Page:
I feed my sheep and goats cinnamon cookies as treats. Man they swarm me when they hear me open the package. I only interact with the babies away from mamma when they are weaned. Until then I leave mamma with them. I think they see what momma does and mimmick her. Also when I wean them I put an older gentle goat or sheep in with them to help the gentling down process. Good luck in whatever you decide. Having the babies pet gentle is wonderful. I love it when they crawl up in my lap for petting and treat time.
     

  3. animal_kingdom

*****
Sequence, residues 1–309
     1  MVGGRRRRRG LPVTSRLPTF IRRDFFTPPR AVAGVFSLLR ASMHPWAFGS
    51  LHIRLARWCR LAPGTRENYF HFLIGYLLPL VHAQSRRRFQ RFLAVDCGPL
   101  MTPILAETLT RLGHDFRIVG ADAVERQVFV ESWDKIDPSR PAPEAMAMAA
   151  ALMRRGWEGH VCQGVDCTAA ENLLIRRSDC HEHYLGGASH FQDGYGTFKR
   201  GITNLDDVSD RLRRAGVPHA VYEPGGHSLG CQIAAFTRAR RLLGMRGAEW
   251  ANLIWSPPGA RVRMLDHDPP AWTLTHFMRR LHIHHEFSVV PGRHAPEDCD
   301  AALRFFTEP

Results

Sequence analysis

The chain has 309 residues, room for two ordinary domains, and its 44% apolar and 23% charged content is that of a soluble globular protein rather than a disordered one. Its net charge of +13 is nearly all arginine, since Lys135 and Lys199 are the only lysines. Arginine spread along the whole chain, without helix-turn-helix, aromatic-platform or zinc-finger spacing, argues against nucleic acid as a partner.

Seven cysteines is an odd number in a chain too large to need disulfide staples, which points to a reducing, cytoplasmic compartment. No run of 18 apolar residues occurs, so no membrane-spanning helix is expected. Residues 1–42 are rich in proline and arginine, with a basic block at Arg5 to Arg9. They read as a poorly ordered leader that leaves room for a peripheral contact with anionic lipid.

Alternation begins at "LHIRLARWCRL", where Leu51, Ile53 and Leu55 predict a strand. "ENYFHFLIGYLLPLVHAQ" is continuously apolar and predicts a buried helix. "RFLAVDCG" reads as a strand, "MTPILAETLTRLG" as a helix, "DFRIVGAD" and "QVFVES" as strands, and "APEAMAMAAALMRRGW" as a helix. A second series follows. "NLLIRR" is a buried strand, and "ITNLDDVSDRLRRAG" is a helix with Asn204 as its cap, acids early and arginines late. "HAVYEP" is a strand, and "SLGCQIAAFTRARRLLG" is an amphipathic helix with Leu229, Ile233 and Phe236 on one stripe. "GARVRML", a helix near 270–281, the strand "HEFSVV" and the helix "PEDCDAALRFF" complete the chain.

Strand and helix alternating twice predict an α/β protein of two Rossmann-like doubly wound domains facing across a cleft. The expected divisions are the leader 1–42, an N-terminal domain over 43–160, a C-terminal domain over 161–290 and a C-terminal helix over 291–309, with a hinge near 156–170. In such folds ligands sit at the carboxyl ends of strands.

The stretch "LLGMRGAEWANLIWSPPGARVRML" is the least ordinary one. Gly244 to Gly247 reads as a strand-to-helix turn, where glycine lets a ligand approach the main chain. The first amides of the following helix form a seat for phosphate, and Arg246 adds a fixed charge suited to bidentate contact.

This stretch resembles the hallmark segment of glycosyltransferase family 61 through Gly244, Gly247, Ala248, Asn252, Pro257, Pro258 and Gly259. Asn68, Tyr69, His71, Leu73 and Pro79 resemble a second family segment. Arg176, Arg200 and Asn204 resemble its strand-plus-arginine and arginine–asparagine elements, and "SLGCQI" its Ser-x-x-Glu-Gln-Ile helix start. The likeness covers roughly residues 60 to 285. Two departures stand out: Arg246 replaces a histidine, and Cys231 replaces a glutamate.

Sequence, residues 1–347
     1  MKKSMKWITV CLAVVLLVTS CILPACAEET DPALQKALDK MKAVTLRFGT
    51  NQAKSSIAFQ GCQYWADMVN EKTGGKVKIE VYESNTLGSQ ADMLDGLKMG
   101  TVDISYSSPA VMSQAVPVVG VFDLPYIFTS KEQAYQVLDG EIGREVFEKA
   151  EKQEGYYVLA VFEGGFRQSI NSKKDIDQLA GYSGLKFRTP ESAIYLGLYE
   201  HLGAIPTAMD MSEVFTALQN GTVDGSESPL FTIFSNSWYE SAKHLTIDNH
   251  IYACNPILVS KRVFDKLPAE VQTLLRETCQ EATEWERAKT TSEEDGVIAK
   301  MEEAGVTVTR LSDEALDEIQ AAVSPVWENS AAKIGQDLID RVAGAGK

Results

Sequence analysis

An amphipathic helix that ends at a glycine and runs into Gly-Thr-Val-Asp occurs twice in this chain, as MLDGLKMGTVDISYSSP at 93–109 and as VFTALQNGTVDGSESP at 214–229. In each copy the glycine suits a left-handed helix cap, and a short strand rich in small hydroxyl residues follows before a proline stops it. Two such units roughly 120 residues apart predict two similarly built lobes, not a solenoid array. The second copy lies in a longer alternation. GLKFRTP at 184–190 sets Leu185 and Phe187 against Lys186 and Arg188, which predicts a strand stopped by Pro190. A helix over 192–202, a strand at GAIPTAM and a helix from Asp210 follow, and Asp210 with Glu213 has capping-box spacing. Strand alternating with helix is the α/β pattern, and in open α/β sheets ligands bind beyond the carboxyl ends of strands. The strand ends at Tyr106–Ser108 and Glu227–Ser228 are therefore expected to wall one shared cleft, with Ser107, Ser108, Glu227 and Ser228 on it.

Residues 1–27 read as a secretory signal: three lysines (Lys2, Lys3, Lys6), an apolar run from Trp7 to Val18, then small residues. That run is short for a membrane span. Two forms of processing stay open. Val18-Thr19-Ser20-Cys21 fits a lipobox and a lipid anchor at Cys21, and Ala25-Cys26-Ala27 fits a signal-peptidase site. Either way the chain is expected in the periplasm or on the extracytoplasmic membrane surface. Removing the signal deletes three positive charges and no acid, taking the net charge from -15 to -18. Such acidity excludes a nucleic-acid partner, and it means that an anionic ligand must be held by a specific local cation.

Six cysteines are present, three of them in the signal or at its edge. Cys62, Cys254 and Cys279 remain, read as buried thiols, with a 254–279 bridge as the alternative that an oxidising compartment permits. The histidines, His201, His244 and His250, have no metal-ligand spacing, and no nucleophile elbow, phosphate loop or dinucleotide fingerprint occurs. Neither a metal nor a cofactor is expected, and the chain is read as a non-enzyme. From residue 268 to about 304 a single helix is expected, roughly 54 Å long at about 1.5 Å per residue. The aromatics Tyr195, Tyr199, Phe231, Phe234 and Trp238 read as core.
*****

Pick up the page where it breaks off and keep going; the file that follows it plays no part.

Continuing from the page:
animal_kingdom Well-Known Member

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    My bottle babies and my dam raised babies are the same. We have half a dozen daughters and they handle them about 3 times a day. When they go out to bottle feed, they handle them all the same.

    The more time you spend with any animal, the friendlier it usually becomes.

    We start handling them from birth. On birthing day, we sit in the stall several times after they are born, then we lessen it a bit but talk to them alot. After about the 5th day we pick them up an pet them all over. I personally thing touch is the key...plus it helps alot with trimming and milking etc.
     
  4. dale anne

    dale anne Well-Known Member